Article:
Scripts for the Stage: Textual Analysis from Shakespeare to Shepard . . . and Beyond is a play-analysis textbook that contains 12 long essays and 4 short ones on a number of geographically diverse, historically significant dramas and dramatists—among them, Phaedra, Buried Child, Antigone, A Streetcar Named Desire, The Hairy Ape, Our Town, The Birthday Party, David Hare, TheGlass Menagerie, Death of a Salesman, Old Times, Miss Julie,The Little Foxes, Henry V, Love’s Labour’s Lost, Bernard Shaw, Hamlet, Titus Andronicus, The Merchant of Venice, Of Mice and Men, A Midsummer Night’s Dream, Edmund, and Bertolt Brecht.
Written with university students (and possibly also advanced high school students) in mind, these critical essays thus cover some of the central plays treated—and central issues raised—in today’s dramatic literature courses and will provide students with practical models to help them improve their own writing and analytical skills. The author is a “close reader” committed to a detailed yet relatively objective examination of the structure, style, imagery, and language of a play. Moreover, he is concerned chiefly with dramatic analysis that can be of benefit to directors, designers, and even actors—that is, with analysis of character, action, dialogue, and setting that can be translated into concepts for theatrical production, or that can at least provide the kind of understanding of a play with which a theater practitioner could fruitfully quarrel.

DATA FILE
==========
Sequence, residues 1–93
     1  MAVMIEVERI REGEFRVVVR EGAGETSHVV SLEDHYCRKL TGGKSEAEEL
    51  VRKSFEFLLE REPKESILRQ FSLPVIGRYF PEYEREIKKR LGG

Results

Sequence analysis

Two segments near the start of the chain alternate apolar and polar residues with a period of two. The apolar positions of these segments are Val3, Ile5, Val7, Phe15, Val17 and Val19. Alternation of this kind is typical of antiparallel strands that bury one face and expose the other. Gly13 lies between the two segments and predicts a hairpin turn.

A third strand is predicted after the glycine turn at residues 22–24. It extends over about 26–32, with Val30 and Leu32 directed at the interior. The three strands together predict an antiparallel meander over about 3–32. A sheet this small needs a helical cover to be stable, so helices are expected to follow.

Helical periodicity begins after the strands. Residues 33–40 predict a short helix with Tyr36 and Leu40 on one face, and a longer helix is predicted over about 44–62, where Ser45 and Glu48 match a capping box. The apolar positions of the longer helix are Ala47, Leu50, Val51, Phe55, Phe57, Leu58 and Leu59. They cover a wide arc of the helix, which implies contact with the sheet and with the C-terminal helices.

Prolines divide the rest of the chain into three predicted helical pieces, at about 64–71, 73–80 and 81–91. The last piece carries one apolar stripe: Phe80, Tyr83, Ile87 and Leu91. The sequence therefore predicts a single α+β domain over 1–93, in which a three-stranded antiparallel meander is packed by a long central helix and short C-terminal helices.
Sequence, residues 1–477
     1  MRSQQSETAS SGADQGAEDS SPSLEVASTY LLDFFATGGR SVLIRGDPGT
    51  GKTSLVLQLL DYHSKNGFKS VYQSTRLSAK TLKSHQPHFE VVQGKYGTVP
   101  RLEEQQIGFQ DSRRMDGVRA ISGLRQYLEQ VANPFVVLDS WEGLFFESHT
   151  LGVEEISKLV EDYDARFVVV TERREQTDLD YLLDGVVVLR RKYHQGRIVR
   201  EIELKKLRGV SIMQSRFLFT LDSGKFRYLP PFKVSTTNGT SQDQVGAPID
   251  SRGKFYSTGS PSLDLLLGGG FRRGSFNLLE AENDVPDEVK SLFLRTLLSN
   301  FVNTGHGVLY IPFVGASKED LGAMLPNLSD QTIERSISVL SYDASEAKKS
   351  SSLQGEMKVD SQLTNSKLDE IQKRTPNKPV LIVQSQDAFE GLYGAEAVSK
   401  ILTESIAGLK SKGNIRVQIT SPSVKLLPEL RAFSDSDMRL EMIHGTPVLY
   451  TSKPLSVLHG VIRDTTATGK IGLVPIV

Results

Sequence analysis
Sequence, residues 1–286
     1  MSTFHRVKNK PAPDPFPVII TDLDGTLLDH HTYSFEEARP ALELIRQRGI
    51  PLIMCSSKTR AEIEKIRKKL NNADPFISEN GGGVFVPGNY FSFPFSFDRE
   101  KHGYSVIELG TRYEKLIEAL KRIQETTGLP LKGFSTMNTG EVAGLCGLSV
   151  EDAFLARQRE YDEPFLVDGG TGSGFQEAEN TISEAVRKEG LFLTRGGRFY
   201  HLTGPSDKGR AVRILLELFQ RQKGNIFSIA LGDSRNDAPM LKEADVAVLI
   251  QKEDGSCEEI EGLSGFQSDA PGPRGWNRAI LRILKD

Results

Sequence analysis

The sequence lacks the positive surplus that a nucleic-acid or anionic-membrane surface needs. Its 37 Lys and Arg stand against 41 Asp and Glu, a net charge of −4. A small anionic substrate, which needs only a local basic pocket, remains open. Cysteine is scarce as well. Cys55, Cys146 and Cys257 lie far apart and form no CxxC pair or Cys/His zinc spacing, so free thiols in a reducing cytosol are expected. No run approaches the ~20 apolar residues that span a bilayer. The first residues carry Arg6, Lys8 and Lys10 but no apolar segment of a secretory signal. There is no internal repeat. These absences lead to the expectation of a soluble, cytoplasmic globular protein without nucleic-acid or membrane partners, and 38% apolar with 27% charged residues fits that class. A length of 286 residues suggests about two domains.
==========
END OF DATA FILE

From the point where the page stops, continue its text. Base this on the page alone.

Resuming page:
Most so-called play analysis texts are books about the methods and techniques of play analysis but contain few (if any) actual, instructive play analyses like those in Scripts for the Stage: Textual Analysis from Shakespeare to Shepard . . . and Beyond.To this end, the essays in this book are clear and readable—that is, sophisticated and meaty yet not overly technical or jargon-heavy. Thus they are also excellent introductions to their respective plays, as well as important contributions to the field of drama studies in general. Scripts for the Stage, finally, a useful critical apparatus: bibliographies, a glossary of dramatic terms, a guide to play analysis, topics for writing and discussion, and a comprehensive index.